Marketing & Media trends
#BizTrends2020: How SA retailers can keep growing in a digital world
While it may be tempting to dive into parroting an American retail model, Africa has deep-rooted challenges to overcome first.
Brick-and-mortar shopping will prevail while we keep seeing high mobile data costs, the lack of reliable internet access, and unreliable infrastructure that makes delivering goods to remote locations difficult.
However, unlike many other retail markets on the continent, South African brands have had to stretch themselves to target a more diverse buying population.
Not many other countries are selling in 11 different languages, and catering to shoppers that span from the poorest of the poor to the richest of the rich.
Some South African areas have fibre speeds to rival South Korea’s, others barely get cellular signal. This means South African companies have had to find more effective ways of balancing technological innovation with real-world shopping experiences.
This has resulted in brands and retailers developing the most effective selling strategies to meet a multitude of target markets. For example, most mothers opt for disposable nappies. But selling those same nappies to single mothers struggling to make ends meet, as opposed to those mothers living in relative luxury with live-in nannies, requires vastly different marketing strategies.
This battle for targeted relevance is one that retailers like Dis-Chem Pharmacies have taken to heart. Increasingly, they are opening outlets in rural areas – what was once a strategy focused almost exclusively on large shopping centres has evolved to incorporate strip malls.
Challenges become opportunities
Cynics might argue that the complexities of the local retail environment are putting it under pressure, and this might stagnate growth, yet the opposite is true. South African retailers are experiencing growth despite difficult economic conditions, with many excited by the opportunities 2020 will bring.
The most significant challenges, such as data fees and delivering to addresses in townships, also provide the biggest opportunities for growth.As we head into the new year, the focus will continue to be on taking retail to rural communities.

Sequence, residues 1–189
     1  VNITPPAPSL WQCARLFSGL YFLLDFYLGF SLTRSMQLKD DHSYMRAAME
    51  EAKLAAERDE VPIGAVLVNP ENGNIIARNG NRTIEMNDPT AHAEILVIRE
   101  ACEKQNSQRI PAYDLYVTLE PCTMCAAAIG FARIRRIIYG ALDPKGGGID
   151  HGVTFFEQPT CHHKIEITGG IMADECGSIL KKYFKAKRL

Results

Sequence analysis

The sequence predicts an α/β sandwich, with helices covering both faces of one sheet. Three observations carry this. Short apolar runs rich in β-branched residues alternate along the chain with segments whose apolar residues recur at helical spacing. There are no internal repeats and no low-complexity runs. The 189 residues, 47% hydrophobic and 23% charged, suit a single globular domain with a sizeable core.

Of course, this does not mean brands will ignore the more affluent suburbs and shopping centres. Instead, it’s about building on existing successes by introducing agility to the business model, geared towards those unable to travel to cities and large towns.
Smart retailers will leverage trusted marketing tools such as broadsheets and community media to reach their target audiences. Using tried and true placements such as billboard and radio, thus creating messaging to fit those rural communities. These awareness drivers that are customised on such a micro level further differentiate South African retailers from their peers throughout the continent.
Closing the sale with in-store innovation
When customers enter the retail store, brands have the best possible opportunity to engage with them.From innovative window displays to optimising the shopper journey from arrival to point-of-sale, there are a myriad of brand engagement possibilities.
This is not to say that reinvention is not going to happen. The shift to mobile will happen once the cost of data has been addressed. While recent announcements by the Competition Commission plan to accelerate this, it is still going to be a waiting game on how best to embrace this shift.
But waiting and seeing is never a smart move in this fast-paced marketplace. Companies must adapt or die in the race to capture the ever-dwindling attention of shoppers. Increasingly, this is where partnerships with in-store retail experts will become critical as brands look for new ways to reach their target audiences, and close sales in the new year.